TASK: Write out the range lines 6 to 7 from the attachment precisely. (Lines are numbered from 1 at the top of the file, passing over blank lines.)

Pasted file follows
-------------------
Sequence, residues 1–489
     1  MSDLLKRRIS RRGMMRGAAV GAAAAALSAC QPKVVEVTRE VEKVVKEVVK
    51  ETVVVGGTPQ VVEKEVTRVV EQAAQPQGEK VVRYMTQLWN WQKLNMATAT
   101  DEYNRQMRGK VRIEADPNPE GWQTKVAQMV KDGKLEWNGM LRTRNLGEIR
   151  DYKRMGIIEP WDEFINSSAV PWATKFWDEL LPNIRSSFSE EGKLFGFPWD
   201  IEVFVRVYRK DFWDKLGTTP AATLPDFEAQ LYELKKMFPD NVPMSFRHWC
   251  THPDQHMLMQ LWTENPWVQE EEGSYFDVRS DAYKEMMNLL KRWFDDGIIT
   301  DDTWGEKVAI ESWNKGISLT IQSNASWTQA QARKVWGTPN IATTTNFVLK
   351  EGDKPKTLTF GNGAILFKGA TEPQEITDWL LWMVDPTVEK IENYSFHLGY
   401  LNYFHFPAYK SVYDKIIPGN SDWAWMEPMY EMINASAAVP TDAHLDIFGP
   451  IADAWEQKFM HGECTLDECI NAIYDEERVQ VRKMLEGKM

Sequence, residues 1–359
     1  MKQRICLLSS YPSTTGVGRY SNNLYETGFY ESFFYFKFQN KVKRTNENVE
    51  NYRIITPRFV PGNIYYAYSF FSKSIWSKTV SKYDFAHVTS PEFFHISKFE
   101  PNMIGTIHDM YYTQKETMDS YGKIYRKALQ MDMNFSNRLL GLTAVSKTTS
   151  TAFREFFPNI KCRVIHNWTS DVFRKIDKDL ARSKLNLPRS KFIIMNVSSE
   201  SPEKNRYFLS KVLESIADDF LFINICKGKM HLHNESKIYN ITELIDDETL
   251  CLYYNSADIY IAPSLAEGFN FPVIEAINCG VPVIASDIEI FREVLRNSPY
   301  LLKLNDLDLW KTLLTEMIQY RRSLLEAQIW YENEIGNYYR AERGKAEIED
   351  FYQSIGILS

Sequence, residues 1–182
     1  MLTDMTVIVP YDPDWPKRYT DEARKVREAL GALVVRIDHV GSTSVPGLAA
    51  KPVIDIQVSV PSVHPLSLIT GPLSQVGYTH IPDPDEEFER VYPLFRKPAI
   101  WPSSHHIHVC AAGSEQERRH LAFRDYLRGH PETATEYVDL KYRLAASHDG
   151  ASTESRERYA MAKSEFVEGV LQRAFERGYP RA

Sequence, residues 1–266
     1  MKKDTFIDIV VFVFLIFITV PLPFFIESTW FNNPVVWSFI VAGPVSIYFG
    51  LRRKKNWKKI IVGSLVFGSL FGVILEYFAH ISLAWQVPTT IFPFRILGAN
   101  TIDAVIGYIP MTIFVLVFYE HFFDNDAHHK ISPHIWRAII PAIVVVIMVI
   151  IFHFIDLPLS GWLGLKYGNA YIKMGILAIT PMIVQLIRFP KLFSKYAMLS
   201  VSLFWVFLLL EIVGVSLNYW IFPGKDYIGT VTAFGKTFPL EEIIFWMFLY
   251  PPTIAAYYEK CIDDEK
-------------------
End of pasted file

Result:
   201  IEVFVRVYRK DFWDKLGTTP AATLPDFEAQ LYELKKMFPD NVPMSFRHWC
   251  THPDQHMLMQ LWTENPWVQE EEGSYFDVRS DAYKEMMNLL KRWFDDGIIT